This is a really good question, variations of which I hear a lot. Let’s look at this in a little more detail as there’s quite a bit to understand.
First up, cartridge alignment is a technical process. There’s not a lot of room for opinion on cartridge alignment, it’s really about understanding the process and how to do it. As always, I’ll present you with the facts, from a specialist’s perspective. What you do with them is up to you!
Next up, we need to clarify something: There is only one factory-correct alignment and that’s the one made to factory specifications. Note: I’m not saying there is only one possible alignment, I’m saying there is only one factory-correct alignment. Again, not opinion.
So, what is a factory or manufacturer specified alignment? A factory cartridge alignment is an alignment:
- Done exactly as the tonearm/turntable manufacturer recommends
- Made to exact manufacturer-recommended specifications
- Achieved using an originally-supplied alignment tool, overhang gauge, or protractor
Factory alignment usually involves setting the correct overhang and/or cartridge offset at one or two null points, but can also include setting a stylus tip distance with respect to the headshell, which is how Denon, Technics and many other manufacturers do it.
I typically use factory/manufacturer specified alignments and tools on turntables I set up because the design engineers knew what they were doing when they specified the alignment and I like to honour those design decisions. Plus I get a kick out of doing things correctly and most decks I see are far from correctly set up.
In rare cases where the original set-up data and/or tools are not available, I’ll select (or make) an alignment tool and spec appropriate for the job, based on familiarity with the arm design and its specifications and on experience aligning and calibrating thousands of turntables, tonearms and cartridges.
Alignment confusion occurs due to not really understanding what alignment is. When a cartridge is factory aligned, it may appear misaligned when checked with any of the multitudes of cartridge protractors and alignment gauges available. Likewise, if you align a with a Shure paper alignment gauge for example, when you check with a factory tool, the alignment will often appear wrong.
How can both be right? Or wrong..?! See the problem? The simple answer to this is that each tool delivers a different alignment. Don’t expect five different alignment tools and methods to get you the same alignment because they will not. It’s actually possible that not one of them may be correct for your deck.
Generic tools rarely deliver the correct factory alignment for your deck. They deliver an alignment, but these generic alignments are approximations based on a ‘standard’ tonearm length, mounting distance and ‘type’ of alignment, not necessarily your tonearm.
So, which do you think is most likely to give the correct alignment for your deck: a generic paper gauge designed for “every” turntable (which is technically impossible) or the factory specified gauge/alignment for your tonearm?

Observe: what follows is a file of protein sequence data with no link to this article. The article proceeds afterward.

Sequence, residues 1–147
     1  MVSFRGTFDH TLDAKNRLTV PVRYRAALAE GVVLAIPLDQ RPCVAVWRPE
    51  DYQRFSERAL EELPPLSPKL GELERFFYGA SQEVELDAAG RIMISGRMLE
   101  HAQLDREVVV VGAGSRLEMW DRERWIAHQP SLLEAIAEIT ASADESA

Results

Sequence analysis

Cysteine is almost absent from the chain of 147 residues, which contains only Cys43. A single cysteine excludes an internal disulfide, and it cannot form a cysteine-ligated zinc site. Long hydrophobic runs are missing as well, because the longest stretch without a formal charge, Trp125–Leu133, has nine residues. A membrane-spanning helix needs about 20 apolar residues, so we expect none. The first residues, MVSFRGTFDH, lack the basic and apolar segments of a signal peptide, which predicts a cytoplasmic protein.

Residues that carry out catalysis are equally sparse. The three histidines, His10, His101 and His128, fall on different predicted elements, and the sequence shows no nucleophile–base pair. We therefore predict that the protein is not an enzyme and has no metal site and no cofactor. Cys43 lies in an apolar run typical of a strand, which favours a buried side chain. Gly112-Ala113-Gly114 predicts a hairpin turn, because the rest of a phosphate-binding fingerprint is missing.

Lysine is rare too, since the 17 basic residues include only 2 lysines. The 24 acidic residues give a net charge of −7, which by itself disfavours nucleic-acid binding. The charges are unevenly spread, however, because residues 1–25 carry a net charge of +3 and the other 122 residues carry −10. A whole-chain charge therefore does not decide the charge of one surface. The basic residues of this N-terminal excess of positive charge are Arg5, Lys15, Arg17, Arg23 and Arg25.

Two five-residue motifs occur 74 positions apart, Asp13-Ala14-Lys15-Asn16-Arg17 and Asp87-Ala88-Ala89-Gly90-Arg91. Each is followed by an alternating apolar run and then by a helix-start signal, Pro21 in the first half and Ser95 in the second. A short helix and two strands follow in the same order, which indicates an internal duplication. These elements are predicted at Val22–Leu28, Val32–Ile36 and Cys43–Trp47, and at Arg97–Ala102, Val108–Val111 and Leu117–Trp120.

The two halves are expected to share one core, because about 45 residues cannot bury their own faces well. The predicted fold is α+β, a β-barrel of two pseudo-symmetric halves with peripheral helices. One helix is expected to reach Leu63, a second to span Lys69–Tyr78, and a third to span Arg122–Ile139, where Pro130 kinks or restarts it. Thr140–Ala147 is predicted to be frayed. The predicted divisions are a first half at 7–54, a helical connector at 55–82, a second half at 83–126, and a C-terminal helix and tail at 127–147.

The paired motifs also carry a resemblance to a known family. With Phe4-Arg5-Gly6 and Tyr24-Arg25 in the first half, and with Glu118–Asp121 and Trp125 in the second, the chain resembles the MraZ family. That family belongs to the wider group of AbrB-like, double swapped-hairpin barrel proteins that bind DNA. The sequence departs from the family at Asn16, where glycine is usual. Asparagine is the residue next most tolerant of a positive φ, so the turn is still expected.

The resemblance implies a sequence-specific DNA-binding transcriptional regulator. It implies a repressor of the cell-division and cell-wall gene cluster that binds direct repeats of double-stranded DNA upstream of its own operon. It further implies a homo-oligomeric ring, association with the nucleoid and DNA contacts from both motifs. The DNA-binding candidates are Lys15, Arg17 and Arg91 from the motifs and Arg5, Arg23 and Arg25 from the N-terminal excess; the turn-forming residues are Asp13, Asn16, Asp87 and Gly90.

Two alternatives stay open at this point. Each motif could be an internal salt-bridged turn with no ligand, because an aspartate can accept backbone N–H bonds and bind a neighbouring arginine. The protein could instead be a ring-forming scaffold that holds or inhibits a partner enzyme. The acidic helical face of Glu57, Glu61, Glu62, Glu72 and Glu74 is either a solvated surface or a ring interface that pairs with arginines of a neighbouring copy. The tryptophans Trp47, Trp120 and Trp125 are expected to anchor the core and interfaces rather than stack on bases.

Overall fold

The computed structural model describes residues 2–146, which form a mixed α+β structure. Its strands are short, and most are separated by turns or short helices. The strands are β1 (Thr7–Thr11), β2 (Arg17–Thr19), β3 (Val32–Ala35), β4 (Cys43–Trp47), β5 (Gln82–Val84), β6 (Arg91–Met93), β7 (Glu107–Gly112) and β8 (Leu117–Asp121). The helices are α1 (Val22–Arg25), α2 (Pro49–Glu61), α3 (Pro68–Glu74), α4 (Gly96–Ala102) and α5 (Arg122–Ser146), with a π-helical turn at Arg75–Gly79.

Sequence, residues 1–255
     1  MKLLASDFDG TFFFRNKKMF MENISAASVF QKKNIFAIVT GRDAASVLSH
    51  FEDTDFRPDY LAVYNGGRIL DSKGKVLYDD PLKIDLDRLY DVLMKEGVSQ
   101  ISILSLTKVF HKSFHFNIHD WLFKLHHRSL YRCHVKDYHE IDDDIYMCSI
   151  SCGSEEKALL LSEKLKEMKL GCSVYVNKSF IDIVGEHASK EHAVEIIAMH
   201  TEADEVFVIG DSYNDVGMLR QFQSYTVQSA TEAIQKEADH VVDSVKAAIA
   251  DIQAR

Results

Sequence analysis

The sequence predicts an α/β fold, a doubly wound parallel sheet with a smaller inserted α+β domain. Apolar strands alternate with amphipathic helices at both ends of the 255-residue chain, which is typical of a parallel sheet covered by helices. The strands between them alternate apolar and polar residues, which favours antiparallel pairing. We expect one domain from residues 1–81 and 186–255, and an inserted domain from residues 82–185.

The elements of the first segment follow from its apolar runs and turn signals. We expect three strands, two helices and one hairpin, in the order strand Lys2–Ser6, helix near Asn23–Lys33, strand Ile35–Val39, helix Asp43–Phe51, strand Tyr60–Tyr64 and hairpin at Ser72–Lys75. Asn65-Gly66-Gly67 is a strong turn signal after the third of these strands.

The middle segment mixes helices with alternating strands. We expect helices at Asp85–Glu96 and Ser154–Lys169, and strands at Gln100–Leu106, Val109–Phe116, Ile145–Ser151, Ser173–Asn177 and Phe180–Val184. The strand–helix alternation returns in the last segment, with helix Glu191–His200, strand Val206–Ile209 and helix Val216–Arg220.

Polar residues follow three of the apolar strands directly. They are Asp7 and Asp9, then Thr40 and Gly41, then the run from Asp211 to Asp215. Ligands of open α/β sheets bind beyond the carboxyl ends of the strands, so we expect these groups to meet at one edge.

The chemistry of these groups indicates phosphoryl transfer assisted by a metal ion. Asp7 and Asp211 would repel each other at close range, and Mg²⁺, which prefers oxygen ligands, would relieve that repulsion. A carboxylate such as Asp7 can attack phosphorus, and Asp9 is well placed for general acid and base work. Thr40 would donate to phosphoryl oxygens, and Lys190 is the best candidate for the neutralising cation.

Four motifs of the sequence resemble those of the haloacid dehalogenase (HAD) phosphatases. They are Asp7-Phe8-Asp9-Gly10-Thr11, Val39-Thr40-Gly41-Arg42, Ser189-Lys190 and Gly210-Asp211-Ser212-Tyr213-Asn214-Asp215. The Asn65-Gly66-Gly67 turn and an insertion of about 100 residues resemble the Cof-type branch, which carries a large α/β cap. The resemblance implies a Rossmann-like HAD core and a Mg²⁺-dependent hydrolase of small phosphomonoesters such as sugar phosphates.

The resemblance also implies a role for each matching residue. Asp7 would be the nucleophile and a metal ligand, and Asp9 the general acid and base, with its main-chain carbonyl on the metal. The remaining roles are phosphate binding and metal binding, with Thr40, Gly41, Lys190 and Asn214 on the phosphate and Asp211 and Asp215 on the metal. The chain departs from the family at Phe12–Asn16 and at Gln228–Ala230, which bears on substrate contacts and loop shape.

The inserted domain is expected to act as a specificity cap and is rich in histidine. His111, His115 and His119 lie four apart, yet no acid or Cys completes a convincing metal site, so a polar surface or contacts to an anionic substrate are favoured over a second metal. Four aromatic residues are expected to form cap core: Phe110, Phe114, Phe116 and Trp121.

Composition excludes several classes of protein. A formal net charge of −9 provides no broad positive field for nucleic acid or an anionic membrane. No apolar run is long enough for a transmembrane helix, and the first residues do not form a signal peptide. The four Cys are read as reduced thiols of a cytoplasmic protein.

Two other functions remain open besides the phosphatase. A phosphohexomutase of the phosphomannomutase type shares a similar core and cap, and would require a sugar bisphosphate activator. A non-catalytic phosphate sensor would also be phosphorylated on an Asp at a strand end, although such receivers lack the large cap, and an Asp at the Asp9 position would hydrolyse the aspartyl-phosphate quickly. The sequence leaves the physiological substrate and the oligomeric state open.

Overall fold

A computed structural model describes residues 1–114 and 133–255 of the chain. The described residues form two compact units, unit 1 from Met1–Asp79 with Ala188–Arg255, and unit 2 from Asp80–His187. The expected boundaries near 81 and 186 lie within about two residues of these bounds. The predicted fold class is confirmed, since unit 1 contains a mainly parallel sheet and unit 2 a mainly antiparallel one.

Generic protractors have a role in ‘quick and dirty’ alignments and work well in cases they were designed for, but there is no substitute for the correct factory alignment and alignment gauge, or a custom-made gauge specified with factory alignment parameters for your deck.
Time for a breath… If this is starting to make sense, you are on the right track!
Various alignments are possible, each sounding different, and none of which are technically wrong, though random owner made alignments can be appallingly bad! Baervald, Lofgren and Stevenson alignments are the three common types, each yielding measurably different total ‘area under the curve’ distortion. Your arm will likely use one of these alignments, but ultimately this doesn’t really matter.
Which alignment is correct? Perhaps we’d be better off asking which is most correct. The factory alignment is technically the correct alignment and as the designers intended, best set with a factory gauge, protractor or tool.
So there’s certainly there’s a bit to consider before taking a screwdriver to your headshell. You need to know if the current alignment is correct and what that alignment actually is. The only way to know that is to be able to measure it and interpret the result. A generic protractor is not the solution. Unless these conditions are met, I strongly suggest you don’t change anything.
It’s like your car’s wheel alignment. You wouldn’t (or shouldn’t) ever change things without a way to measure and assess the current set-up that you understand how to use, and a way to get back to where you started. This is why I recommend expert fitting and alignment – of your wheels AND your cartridges!
To summarise: Your cartridge needs to be correctly aligned with the correct overhang, azimuth, offset, VTA, plus the right tracking force and anti-skate. You should only adjust your cartridge alignment if you understand and can measure the current alignment. To align a cartridge correctly, you need tools to measure and set each of the parameters mentioned.
Thanks for reading!
PS: Do you appreciate the time and effort I put into writing these FAQs and explaining sometimes tricky technical concepts? I hope so, this one took over two hours from brain to page, all for the benefit of my readers. If you’d like to show some appreciation, you can shout me a drink!